This increase in income in turn raises consumer spending by MPC x $20 billion, which raises the income for the workers and owners of the firms that produce the consumption goods. This second increase in income again raises consumer spending, this time by MPC x $20 billion). These feedback effects go on and on.

To find the total impact on the demand for goods and services, we add up all these effects:

Change in government purchases = $20 billion
First change in consumption = MPC x $20 billion
Second change in consumption = MPC2 x $20 billion
Third change in consumption = MPC3 x $20 billion

Total change in demand
= (1 + MPC + MPC2 + MPC3 + … ) x $20 billion.

Here “. . .” represents an infinite number of similar terms. Thus, we can write the multiplier as follows:

Multiplier = 1 + MPC + MPC2 + MPC3 + …

This multiplier tells us the demand for goods and services that each dollar of government purchases generates. To simplify this equation for the multiplier, recall from math class that this expression is an infinite geometric series. For 𝑥 between – 1 and + 1,

1 + 𝑥 + 𝑥2 + 𝑥3 + . . . = 1/(1 – 𝑥).

In our case, 𝑥 = MPC. Thus,

Multiplier = 1/(1 – MPC).

For example, if MPC is 3/4, the multiplier is 1/(1 - 3/4), which is 4. In this case, the $20 billion of government spending generates $80 billion of demand for goods and services.

This formula for the multiplier shows that the size of the multiplier depends on the marginal propensity to consume. While an MPC of 3/4 leads to a multiplier of 4, and MPC of 1/2 leads to a multiplier of only 2. Thus, a larger MPC means a larger multiplier.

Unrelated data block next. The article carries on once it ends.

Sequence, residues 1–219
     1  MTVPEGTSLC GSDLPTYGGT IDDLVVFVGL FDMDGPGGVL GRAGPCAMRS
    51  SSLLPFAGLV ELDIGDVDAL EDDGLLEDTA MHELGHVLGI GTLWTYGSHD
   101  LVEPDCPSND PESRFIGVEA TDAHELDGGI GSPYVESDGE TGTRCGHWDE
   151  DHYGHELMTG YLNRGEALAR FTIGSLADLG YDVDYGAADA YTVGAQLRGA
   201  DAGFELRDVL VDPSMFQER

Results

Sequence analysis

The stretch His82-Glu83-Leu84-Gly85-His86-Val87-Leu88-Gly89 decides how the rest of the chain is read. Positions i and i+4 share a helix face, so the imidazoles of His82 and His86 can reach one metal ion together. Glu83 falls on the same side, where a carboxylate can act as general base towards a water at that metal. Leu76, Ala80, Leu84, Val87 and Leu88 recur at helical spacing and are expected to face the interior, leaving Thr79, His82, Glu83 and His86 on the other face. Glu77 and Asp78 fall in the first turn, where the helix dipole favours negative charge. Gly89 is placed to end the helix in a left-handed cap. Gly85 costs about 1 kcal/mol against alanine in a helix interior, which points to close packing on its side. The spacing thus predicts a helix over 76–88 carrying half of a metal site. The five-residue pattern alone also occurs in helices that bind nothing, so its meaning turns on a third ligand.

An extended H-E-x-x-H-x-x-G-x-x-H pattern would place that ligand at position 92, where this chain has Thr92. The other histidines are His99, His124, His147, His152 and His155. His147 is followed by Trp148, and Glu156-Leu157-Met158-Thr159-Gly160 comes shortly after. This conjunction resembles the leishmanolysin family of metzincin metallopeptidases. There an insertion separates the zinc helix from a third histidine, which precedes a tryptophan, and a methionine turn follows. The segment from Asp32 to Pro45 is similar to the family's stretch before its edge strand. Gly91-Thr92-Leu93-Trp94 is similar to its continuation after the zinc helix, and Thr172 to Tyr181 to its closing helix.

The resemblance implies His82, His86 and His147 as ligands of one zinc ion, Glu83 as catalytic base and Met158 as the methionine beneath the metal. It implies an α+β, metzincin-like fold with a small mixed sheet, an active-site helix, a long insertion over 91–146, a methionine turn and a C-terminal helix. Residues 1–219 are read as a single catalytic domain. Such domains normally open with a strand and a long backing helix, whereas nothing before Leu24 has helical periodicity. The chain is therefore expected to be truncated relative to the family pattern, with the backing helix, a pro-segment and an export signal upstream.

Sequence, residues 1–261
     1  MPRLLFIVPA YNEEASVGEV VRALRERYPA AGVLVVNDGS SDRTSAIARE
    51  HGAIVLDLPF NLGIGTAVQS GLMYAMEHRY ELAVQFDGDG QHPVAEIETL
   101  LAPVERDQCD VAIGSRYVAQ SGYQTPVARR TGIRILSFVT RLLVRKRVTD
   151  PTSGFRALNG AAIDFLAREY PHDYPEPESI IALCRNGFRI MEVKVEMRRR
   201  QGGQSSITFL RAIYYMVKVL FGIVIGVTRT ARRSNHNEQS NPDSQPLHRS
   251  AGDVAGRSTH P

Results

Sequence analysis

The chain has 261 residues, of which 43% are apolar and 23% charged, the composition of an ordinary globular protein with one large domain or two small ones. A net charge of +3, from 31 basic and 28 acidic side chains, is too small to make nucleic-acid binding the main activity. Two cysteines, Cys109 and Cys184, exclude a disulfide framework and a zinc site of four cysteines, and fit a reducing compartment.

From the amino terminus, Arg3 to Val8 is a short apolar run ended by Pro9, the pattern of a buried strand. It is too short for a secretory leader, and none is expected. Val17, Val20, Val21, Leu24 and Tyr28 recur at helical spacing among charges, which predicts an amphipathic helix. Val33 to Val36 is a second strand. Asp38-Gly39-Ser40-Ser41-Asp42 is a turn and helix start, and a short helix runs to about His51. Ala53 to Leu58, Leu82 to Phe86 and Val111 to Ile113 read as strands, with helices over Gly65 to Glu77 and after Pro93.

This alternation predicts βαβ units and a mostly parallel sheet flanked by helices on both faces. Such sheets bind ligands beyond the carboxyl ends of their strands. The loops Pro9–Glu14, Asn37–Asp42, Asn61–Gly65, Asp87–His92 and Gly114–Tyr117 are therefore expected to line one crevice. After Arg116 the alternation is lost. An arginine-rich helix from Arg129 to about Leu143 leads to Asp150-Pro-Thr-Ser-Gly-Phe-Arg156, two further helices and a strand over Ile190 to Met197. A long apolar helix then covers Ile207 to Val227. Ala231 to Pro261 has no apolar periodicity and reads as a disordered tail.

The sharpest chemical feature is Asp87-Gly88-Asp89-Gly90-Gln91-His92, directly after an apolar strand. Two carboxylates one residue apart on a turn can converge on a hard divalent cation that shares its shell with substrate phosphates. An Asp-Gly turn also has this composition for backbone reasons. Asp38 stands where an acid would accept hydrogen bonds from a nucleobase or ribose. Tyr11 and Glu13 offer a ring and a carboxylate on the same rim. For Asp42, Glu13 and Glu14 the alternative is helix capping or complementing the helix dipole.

To see why this is true, remember that the multiplier arises because higher income induces greater spending on consumption. With a larger MPC, consumption responds more to a change in income, and so the multiplier is larger.

Other Applications of the Multiplier Effect

Because of the multiplier effect, a dollar of government purchases can generate more than a dollar of aggregate demand. The logic of the multiplier effect, however, is not restricted to changes in government purchases. Instead, it applies to any event that alters spending on any component of GDP – consumption, investment, government purchases, or net exports.

For example, suppose that a recession overseas reduces the demand for U.S. net exports by $10 billion. This reduced spending on U.S. goods and services depresses U.S. national income, which reduces spending by U.S. consumers. If the marginal propensity to consume is 3/4 and the multiplier is 4, then the $10 billion fall in net exports leads to a $40 billion contraction in aggregate demand.

As another example, suppose that a stock market boom increases households’ wealth and stimulates their spending on goods and services by $20 billion. This extra consumer spending increases national income, which in turn generates even more consumer spending. If the marginal propensity to consume is 3/4 and the multiplier is 4, then the initial impulse of $20 billion in consumer spending translates into an $80 billion increase in aggregate demand.

The multiplier is an important concept in macroeconomics because it shows how the economy can amplify the impact of changes in spending. A small initial change in consumption, investment, government purchases, or net exports can end up having a large effect on aggregate demand and, therefore, the economy’s production of goods and services.